Bill Trenchard has every right to be excited. He's running a growing company that he believes in — a company that is helping change...

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SAN JOSE, Calif. — Bill Trenchard has every right to be excited.

He’s running a growing company that he believes in — a company that is helping change the nature of work.

This high-tech veteran has surrounded himself with bright engineers, including some who’ve already changed the world once by working on the Netscape browser.

“They really feel they’re doing a great thing again,” Trenchard says.

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But sitting with Trenchard in a conference room in Palo Alto, I can’t help thinking about the double edge of technology. Sure, we’ve made dizzying strides in Silicon Valley, changing the way people communicate, shop, network, invest and, yes, work.

Our bias is that all progress is inherently good. With innovation comes a better world. Sometimes we are blind to the human costs.

Trenchard is chief executive of LiveOps, a company that has developed a way to build customer call centers one household at a time.

Because of LiveOps, when you call the 800 number to order Jack LaLanne’s Power Juicer (OK, maybe you don’t call), you could end up talking to an at-home mother taking calls in her spare bedroom. Same goes for products like the Bun & Thigh Roller and the Ronco Rotisserie Oven.

The LiveOps system routes the calls around the country to more than 5,000 independent contractors sitting at home computers with broadband connections. Trenchard sees all upside.

Most of the LiveOps operators are mothers with preschool and school-age children. They have the chance to stay home with their kids and make money on the side. They can choose their own hours.

And, Trenchard says, call-center work being handled by LiveOps operators might have moved to India or elsewhere if a low-cost way to do it in the United States didn’t exist.

For companies with something to sell, LiveOps means no more need to build call centers filled with employees. In fact, it means no need for employees at all.

This isn’t just LiveOps. For years, great business minds have shifted the cost of doing work from companies to individuals. On one edge, outsourcing has flourished. On the other, wages have fallen, health benefits have shriveled, pensions have disappeared.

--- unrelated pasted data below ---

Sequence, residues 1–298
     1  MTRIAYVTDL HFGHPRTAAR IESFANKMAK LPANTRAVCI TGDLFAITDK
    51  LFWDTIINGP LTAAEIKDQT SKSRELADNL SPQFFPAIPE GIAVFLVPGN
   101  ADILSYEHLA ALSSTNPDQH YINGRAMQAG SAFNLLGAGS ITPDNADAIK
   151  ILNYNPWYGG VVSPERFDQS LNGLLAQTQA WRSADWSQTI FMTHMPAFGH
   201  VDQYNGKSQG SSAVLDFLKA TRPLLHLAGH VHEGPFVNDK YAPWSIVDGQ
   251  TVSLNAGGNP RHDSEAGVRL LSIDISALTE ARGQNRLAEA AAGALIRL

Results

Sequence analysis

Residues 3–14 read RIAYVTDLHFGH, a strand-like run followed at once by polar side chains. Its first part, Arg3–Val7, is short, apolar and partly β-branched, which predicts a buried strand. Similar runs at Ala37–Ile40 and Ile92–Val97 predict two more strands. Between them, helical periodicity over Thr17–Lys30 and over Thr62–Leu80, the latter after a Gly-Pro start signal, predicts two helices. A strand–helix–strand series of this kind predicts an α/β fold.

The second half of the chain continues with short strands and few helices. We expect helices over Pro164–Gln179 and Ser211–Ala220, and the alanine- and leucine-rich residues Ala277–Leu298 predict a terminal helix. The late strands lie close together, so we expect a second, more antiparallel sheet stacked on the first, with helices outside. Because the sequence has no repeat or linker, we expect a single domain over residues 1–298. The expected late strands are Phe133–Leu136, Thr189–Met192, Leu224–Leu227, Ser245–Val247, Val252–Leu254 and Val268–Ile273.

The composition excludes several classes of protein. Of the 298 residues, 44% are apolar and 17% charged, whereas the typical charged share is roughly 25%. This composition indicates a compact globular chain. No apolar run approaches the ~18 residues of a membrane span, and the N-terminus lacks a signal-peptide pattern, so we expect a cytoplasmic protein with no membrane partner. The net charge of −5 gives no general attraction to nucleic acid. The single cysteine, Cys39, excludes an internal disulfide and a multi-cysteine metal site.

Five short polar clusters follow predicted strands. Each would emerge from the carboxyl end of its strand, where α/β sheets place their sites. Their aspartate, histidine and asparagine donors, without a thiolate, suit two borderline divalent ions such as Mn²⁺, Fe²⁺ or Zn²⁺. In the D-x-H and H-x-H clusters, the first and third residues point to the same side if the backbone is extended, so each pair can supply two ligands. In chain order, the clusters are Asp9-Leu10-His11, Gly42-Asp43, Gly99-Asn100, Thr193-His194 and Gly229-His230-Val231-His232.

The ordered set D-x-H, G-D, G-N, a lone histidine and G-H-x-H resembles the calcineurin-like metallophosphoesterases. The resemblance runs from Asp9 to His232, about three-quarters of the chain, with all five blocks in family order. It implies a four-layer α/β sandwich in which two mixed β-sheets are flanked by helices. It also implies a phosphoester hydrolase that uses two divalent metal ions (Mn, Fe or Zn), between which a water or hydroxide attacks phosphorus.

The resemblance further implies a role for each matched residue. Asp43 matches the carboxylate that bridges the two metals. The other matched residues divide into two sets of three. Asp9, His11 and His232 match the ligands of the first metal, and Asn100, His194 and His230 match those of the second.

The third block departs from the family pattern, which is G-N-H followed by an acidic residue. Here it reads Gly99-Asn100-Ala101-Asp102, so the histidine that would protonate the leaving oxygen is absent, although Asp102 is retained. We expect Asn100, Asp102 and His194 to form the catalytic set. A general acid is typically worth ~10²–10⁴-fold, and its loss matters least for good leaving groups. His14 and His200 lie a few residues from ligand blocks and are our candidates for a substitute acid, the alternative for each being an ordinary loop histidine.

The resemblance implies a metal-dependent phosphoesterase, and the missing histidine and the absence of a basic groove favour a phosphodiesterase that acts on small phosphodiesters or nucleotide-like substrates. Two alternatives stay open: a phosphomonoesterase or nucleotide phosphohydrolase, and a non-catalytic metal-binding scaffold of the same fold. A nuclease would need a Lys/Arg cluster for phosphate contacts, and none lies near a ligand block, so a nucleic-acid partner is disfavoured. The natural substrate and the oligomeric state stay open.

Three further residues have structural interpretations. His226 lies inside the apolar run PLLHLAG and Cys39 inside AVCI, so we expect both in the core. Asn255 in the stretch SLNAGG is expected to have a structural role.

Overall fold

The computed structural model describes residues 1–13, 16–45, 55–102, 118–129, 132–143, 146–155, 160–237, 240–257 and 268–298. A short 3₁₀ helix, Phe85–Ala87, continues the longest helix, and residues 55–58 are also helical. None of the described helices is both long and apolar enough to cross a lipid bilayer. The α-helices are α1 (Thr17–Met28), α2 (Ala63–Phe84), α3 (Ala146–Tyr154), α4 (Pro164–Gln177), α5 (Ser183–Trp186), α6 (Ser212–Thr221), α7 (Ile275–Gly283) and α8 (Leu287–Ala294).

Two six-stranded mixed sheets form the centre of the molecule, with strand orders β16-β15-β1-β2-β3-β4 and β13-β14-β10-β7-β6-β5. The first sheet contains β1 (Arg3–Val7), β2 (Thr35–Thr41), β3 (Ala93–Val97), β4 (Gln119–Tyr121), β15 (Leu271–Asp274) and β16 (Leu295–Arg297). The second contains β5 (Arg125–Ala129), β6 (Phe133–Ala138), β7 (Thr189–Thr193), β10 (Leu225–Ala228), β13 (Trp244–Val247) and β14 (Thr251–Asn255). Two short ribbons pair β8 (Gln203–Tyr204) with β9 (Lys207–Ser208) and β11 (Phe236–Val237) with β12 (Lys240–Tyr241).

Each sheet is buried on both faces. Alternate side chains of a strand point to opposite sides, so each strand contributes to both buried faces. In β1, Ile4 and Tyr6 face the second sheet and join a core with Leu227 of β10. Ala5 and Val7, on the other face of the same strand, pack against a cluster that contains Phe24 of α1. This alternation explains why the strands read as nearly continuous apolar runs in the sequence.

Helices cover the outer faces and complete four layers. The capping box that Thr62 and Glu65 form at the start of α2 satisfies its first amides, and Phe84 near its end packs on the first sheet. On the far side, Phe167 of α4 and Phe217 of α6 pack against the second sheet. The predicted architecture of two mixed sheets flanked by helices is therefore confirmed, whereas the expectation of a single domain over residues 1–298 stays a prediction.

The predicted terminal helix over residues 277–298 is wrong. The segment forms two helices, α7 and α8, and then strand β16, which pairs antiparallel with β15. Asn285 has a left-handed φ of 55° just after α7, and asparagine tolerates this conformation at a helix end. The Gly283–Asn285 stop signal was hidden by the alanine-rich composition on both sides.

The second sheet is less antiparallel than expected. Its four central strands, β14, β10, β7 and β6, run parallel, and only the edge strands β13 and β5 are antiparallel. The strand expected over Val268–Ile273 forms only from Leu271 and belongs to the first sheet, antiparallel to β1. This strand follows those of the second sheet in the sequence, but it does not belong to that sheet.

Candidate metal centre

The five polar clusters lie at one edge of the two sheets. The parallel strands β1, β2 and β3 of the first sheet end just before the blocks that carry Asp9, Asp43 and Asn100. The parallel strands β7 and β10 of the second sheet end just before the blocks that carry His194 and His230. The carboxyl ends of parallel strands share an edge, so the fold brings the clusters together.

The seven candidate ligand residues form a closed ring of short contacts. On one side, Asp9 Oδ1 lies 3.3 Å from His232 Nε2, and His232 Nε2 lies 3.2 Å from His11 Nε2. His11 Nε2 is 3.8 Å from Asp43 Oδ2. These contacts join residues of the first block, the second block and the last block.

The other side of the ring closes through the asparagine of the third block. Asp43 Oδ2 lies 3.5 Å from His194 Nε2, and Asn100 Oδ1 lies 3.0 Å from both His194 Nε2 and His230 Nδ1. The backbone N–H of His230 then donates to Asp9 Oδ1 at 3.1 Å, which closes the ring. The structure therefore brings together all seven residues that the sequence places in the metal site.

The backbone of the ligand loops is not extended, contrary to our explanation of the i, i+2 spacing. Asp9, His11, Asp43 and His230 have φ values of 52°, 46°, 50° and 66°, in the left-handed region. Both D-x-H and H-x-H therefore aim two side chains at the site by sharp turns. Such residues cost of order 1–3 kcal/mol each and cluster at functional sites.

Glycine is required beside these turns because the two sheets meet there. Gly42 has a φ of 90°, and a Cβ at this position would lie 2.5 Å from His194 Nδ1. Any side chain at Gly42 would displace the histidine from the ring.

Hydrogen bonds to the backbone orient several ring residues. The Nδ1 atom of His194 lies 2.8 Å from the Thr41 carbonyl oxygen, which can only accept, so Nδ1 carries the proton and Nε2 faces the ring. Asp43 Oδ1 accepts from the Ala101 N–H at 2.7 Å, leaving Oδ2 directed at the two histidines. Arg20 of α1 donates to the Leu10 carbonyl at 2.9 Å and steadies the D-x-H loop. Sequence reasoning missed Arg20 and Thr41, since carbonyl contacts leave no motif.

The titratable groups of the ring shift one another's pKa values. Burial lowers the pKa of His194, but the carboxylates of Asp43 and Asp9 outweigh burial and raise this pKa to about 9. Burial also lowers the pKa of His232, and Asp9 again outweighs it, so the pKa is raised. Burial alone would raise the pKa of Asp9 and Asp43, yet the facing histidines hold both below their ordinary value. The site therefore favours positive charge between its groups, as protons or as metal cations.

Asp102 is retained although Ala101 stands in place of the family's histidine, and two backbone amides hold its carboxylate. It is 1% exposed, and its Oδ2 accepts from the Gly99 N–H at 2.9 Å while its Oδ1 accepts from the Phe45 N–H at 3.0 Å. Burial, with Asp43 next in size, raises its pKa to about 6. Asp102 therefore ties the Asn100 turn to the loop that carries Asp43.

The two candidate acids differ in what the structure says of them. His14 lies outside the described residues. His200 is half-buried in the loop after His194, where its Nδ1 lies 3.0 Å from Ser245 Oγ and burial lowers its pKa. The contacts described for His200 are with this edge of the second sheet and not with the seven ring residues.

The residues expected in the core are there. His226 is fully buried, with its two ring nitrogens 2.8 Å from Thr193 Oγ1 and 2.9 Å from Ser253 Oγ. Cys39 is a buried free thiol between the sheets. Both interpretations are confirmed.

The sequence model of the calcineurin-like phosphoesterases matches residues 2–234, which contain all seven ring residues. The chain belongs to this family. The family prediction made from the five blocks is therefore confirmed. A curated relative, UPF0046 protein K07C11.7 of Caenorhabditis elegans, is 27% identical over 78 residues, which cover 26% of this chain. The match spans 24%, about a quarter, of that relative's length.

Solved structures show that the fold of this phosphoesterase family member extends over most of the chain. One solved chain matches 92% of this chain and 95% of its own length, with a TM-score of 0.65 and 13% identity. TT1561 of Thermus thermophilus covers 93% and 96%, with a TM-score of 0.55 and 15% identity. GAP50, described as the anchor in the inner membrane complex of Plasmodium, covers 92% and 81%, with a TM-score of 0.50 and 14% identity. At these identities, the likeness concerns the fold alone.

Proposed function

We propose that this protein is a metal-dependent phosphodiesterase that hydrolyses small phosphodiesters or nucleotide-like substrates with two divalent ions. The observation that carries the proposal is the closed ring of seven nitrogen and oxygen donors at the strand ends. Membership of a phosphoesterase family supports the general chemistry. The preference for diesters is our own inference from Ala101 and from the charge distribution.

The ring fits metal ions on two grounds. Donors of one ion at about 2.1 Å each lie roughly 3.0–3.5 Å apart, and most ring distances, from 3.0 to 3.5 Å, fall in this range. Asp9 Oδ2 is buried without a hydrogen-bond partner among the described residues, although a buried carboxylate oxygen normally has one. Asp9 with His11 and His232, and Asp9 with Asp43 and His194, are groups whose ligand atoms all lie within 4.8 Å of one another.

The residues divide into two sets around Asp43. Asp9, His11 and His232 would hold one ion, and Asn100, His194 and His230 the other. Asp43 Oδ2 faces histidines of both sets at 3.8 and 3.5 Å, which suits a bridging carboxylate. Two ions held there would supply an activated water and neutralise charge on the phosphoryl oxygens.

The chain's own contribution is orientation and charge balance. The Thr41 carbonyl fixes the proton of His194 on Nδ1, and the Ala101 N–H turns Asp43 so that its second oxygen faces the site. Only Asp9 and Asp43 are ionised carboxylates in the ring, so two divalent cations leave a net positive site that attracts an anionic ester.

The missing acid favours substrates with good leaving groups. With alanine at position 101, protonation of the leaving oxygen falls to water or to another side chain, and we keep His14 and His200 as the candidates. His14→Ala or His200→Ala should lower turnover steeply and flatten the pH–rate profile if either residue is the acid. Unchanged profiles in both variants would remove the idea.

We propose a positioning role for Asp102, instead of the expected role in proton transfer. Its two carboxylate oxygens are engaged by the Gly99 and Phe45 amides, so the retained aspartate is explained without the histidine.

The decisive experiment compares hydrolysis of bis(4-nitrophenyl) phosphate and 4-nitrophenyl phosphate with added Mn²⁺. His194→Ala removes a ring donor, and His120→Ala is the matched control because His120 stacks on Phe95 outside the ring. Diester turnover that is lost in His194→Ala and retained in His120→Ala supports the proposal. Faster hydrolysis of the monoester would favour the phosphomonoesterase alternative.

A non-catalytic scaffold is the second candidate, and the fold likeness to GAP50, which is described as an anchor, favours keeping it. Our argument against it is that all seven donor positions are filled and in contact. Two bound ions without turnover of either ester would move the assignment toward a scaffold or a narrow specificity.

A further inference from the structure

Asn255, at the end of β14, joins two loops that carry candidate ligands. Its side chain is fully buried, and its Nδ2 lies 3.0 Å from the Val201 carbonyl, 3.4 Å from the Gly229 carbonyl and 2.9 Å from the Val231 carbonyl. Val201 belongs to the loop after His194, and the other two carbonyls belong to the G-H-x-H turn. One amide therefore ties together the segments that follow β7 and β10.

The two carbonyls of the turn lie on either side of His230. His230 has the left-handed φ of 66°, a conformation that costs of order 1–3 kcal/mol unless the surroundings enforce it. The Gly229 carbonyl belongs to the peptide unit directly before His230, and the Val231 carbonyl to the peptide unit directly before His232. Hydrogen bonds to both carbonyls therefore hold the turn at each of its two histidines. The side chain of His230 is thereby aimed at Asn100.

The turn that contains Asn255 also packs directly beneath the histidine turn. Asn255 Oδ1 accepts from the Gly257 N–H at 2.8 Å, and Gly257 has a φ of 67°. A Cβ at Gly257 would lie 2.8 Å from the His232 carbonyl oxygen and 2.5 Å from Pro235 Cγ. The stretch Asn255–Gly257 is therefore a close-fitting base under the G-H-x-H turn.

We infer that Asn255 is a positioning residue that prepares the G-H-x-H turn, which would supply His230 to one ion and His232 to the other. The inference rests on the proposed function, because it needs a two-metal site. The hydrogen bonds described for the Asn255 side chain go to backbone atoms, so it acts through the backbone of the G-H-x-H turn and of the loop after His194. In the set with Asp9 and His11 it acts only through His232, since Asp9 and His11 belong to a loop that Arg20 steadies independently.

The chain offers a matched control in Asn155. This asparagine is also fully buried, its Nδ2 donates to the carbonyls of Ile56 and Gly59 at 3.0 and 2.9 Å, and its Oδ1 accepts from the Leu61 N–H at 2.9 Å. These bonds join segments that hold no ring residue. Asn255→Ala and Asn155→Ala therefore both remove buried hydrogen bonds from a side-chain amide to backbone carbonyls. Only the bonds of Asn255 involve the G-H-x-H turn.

So listening to Trenchard, I marvel at our ability to innovate. But I worry about the extent to which our economic engine is outracing our social needs. I wonder whether our ability to take care of people will ever catch up with our ability to make money.

In fairness, Trenchard isn’t pitching LiveOps as a way to make a decent living. The work makes for a good second income. Or for some, a necessary second job.

Those taking calls for products like the Miracle Blade slicer are one-person businesses. They make 25 cents a minute while they’re on the phone. (With bonuses for upselling, operators can make up to $25 an hour, Trenchard says.)

Because they’re independent businesses, the operators don’t receive health benefits, sick time, vacation time or retirement benefits. The costs of doing business — phone, computer, connection — are all theirs.

Sure, it’s great that a mother or a father can work from home. But wouldn’t it be better if families could find decent child care that wouldn’t consume every penny from a second income? Wouldn’t it be great if there were plenty of jobs that paid enough to support a family on one income? Wouldn’t it be great if affordable health care were guaranteed, no matter the job?

Impossible, you say? Maybe. But imagine what would happen if the minds conquering the global economy turned their attention to the worries of those doing the work.

Just think of the possibilities.

Mike Cassidy is a columnist with the San Jose Mercury News.